Our project, under the title Global Literary Networks, has been selected to join the Neubauer Collegium’s inaugural cohort of research grants. The news was officially announced today. Here’s a description of the project, which will get underway in the fall of 2013:
Global Literary Networks is a two-year digital humanities research project that examines the production, diffusion, and reception of literature on a macro-interpretative scale using tools of network analysis and network visualization. Combining large datasets, social scientific methods, and textual close reading, this project investigates the social dimensions of modernist literary history and aesthetics in the twentieth century by de-framing traditional literary categories – such as influence and dissemination – and introducing and adapting new categories from other disciplines. Using modernist poetry from the United States as the starting point, the project branches out to Japan, China, and Latin America to track the relation between modernist poetic activities in different national contexts. The project brings together theoreticians and technicians from literary studies, sociology, computer science, statistics, and visual design to explore new approaches to the analysis, preservation, and presentation of “big data”; new media platforms for processing, displaying, and disseminating digitally inflected work; and team-based scholarship.
Back in October, we presented a general overview of our work at the annual University of Chicago Humanities Day. We had a good crowd of prospective students, alumni, and other interested people from the community. The lecture is now available on youtube. If you’re interested in hearing about our project first-hand, and about other digitally-enhanced research taking place at U of C, please have a look.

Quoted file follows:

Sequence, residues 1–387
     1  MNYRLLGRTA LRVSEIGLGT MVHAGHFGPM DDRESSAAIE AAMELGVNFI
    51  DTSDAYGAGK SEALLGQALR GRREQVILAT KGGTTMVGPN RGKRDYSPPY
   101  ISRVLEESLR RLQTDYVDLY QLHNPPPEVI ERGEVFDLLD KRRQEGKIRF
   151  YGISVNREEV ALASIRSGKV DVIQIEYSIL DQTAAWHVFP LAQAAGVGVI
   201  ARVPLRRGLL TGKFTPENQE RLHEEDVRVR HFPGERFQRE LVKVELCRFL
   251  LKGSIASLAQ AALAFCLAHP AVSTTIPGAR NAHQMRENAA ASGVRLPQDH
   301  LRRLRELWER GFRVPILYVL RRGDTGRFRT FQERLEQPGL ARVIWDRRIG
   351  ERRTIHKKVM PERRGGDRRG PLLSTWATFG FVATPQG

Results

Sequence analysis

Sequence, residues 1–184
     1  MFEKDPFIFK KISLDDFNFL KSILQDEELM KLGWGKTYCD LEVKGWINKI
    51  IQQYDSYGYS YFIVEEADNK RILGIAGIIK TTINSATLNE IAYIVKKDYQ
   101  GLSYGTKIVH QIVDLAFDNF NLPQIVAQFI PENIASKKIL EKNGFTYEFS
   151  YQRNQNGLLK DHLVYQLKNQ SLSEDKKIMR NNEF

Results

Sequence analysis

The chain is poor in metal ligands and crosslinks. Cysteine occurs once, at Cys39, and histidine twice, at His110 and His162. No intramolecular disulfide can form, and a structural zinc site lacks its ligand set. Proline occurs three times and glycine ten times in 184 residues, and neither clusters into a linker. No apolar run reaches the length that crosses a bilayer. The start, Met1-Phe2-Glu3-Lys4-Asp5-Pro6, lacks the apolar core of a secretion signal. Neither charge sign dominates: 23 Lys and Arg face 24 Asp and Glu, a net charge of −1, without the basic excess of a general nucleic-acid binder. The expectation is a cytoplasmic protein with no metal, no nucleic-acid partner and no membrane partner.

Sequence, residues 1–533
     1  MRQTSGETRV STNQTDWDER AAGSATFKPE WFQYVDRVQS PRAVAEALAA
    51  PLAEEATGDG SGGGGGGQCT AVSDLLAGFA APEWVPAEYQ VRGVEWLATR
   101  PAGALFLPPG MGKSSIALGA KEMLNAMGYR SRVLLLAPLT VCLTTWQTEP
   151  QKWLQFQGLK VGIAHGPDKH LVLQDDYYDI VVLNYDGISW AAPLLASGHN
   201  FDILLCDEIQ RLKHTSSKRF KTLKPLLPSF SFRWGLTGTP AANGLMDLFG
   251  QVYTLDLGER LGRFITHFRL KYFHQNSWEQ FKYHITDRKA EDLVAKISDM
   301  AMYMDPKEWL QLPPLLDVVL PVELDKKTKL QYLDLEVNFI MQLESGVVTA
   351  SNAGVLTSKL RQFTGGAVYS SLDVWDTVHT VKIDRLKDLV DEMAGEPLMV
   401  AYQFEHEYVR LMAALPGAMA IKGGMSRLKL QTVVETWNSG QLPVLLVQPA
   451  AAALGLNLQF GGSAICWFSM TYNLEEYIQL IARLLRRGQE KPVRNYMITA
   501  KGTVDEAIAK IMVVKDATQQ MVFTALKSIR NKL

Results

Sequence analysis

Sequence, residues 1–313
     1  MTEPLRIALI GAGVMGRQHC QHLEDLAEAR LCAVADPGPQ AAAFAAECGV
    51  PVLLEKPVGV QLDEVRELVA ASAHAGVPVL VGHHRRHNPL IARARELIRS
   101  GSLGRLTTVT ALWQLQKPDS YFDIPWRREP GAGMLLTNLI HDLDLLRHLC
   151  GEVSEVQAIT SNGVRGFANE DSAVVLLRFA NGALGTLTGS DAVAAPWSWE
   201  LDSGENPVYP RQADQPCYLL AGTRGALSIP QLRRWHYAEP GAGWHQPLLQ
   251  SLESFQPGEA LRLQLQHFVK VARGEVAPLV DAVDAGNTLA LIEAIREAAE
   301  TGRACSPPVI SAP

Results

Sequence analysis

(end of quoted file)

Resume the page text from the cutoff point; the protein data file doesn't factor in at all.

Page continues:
We have recently finished a preprint version of our first collaborative essay, to be published in Boundary 2 next year. You can find it in our list of publications, but we wanted to put a link upfront. The essay, “Network Analysis and the Sociology of Modernism,” provides an introduction into the kind of work we are doing and also serves as a proof-of-concept for further inquiry. We welcome any and all feedback!
For those of you in the greater Chicago area, please come check out the 2012 Chicago Colloquium on Digital Humanities and Computer Science. Hoyt will be demonstrating a few pieces of our literary networks project and talking about some of the ways that network analysis and interactive visualization can enhance scholarly engagement with big bibliographic data.
Here is where you will find postings on our work in progress. We hope to use this page as a testing ground for new concepts, ideas, and images that we are in the process of working through. Status updates about the project will also be posted here.